Person of Prayer (1 of 3) by Robert Walker
This content is part of a series.Person of Prayer (1 of 3)
When I think of great men of prayer, men who accomplished great things for God, I think of Elijah. Here is a man who called down fire from heaven, brought a widow's son back to life, ran faster than a horse, traveled 40 days and 40 nights on the strength of one meal. When he came to the widow's house he told her to feed him and when she did, here jar of flour and oil did not run dry until the famine was over. He personally and boldly stood up to the wicked King Ahab and Queen Jezebel. This man didn't even die. When it was his time to go, a chariot of fire came down and took him up to heaven in a whirlwind.
C.H. Spurgeon once said, ''Prayer pulls the rope down below and the great bell rings above in the ears of God.
Some scarcely stir the bell, for they pray so languidly;
others give only an occasional jerk at the rope. But he who communicates with heaven is the man who grasps the rope boldly and pulls continuously with all his might.''
The message of the Bible will never become a redeeming and victorious and liberating truth to you and the sermons you have heard will never become liberating and redeeming truth to you until you learn the art of prevailing prayer.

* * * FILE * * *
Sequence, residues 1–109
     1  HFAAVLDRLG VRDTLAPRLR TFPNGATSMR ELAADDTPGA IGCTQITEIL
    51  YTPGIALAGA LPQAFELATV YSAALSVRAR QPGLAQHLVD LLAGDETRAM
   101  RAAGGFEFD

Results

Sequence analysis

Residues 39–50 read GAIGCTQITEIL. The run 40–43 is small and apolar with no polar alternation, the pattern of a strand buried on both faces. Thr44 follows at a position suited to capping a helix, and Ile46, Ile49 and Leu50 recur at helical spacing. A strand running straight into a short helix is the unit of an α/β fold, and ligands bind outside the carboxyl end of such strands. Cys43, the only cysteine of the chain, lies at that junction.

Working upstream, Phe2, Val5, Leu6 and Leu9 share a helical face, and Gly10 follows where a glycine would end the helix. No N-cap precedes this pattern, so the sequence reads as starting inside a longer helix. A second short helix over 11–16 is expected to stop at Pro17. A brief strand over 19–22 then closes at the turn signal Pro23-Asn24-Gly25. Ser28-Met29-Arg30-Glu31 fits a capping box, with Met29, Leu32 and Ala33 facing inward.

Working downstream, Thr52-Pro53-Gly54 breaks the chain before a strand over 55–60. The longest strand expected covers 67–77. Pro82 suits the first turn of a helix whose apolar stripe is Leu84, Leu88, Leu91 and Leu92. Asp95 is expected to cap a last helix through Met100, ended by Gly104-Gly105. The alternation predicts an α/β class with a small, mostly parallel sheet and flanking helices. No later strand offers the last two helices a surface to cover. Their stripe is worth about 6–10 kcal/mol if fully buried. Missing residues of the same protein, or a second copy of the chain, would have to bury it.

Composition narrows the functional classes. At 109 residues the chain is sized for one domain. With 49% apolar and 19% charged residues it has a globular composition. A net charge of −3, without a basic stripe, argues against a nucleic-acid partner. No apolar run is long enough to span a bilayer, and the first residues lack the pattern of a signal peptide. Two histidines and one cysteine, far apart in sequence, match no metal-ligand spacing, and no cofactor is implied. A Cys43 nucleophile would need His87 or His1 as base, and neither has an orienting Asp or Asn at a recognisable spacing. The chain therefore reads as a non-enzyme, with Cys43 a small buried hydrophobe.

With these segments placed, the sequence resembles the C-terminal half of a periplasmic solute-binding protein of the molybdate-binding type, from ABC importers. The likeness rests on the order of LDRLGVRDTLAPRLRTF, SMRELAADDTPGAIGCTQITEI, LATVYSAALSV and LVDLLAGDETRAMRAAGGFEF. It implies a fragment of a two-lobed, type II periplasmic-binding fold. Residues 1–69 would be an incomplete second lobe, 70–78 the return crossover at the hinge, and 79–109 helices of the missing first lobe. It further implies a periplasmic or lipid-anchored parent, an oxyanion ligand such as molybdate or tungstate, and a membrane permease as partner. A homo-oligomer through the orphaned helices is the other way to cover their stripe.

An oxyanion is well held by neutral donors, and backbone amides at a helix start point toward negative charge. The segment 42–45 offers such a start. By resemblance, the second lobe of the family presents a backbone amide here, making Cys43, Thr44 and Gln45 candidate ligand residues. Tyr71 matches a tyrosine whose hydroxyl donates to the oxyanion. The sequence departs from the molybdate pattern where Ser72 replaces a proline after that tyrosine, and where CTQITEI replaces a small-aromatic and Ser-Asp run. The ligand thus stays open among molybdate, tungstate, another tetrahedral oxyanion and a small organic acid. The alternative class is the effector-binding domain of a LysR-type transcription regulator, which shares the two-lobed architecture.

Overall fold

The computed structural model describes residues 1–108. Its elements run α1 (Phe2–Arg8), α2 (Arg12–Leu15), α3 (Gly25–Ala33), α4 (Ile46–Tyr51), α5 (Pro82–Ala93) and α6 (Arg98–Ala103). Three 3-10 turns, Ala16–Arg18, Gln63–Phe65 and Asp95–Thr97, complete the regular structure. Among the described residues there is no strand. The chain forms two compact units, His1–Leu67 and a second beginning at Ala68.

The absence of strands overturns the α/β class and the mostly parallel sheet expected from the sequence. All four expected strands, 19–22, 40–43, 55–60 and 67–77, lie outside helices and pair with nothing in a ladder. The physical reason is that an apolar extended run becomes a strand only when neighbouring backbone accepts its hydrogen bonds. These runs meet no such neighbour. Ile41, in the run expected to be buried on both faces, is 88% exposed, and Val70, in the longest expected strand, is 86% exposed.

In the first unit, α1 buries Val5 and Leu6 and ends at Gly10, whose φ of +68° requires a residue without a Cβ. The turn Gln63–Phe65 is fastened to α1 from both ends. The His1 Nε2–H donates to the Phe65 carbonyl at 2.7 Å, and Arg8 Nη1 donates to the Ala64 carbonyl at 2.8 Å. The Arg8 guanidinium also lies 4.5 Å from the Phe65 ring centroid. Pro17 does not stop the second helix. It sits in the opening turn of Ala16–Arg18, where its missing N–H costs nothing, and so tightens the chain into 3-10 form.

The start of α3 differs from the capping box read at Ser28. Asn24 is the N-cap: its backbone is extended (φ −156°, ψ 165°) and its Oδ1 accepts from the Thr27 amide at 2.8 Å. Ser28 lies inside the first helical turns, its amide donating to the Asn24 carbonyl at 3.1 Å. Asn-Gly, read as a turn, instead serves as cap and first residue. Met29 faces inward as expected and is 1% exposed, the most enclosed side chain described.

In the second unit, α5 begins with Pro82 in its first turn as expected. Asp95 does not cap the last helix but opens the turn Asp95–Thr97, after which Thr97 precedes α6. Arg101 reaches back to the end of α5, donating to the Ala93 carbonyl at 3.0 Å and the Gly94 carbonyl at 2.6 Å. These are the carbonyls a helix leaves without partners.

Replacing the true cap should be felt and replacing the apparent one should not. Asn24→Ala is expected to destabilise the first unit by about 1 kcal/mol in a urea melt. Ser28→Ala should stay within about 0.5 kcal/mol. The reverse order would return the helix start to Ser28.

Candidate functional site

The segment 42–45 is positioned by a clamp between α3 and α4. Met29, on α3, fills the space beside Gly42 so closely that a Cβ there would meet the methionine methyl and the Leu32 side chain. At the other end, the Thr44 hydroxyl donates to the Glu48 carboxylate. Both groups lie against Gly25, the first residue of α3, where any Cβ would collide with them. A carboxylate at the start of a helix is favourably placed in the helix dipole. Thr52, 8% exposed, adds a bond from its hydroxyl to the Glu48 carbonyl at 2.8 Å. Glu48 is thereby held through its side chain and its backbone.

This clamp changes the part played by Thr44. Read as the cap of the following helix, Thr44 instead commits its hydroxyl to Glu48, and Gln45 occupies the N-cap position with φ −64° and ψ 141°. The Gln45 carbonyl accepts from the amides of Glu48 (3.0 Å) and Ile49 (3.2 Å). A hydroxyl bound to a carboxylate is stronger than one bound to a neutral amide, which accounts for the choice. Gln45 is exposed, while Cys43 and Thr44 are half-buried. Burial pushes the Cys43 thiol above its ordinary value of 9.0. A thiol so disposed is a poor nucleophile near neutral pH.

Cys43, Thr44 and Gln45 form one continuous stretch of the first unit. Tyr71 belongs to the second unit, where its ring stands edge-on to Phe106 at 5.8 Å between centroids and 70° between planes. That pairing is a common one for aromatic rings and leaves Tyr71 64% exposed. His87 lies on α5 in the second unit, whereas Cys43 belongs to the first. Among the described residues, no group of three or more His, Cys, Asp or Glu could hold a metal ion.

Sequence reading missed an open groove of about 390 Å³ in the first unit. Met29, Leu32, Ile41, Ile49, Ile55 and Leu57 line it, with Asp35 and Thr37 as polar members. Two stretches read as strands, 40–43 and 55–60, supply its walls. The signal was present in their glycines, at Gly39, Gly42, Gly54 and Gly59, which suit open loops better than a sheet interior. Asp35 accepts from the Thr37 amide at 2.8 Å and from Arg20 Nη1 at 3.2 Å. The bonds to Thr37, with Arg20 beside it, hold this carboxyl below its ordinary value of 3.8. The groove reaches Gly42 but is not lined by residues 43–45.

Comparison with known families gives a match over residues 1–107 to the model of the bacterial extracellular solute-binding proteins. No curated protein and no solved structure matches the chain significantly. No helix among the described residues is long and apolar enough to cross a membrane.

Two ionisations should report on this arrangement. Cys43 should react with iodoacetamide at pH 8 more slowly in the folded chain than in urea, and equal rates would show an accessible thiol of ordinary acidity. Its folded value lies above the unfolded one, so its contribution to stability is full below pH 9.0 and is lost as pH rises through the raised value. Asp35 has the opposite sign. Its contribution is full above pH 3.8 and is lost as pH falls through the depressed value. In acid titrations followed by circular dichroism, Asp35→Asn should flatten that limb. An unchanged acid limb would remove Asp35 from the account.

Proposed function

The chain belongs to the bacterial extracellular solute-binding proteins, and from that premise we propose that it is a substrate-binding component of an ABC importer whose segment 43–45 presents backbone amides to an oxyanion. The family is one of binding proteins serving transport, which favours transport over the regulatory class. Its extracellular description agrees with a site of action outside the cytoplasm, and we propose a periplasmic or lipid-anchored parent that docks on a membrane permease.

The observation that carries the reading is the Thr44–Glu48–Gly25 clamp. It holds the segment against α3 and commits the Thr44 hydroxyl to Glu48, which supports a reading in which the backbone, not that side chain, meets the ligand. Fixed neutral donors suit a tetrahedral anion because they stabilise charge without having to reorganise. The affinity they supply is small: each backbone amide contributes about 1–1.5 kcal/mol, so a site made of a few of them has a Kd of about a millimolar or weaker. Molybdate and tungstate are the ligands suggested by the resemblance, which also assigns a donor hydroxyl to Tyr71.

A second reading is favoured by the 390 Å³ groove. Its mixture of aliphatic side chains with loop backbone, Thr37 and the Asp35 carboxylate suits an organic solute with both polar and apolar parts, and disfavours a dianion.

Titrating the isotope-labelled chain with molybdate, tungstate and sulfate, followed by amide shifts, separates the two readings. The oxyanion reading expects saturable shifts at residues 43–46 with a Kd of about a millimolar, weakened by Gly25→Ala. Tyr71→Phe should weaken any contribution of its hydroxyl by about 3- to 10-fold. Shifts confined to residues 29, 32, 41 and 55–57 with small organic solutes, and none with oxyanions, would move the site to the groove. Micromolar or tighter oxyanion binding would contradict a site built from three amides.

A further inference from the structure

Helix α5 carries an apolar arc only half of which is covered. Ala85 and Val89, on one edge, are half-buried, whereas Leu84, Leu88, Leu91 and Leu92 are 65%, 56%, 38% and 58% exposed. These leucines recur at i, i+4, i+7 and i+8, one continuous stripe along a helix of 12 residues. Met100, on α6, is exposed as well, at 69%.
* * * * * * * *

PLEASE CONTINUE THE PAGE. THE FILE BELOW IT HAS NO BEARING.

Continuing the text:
I am sure that is why James said the effectual fervent prayer of a righteous man availeth much. James is known as a man of prayer. We are told that when he died that when preparing his body for burial they found callous on his knees because he spent so much time on his knees in prayer before the Lord.
James states his proposition and then he takes an illustration right out of the past to illustrate the proposition that he has spoken.
Now he says the effectual fervent prayer of a righteous man availeth much that is his proposition. But then for an illustration he calls attention to Elijah.
He said Elijah was a man of prayer. And such a man you know that to be true. You study the story in the Old Testament you cannot possibly escape ...
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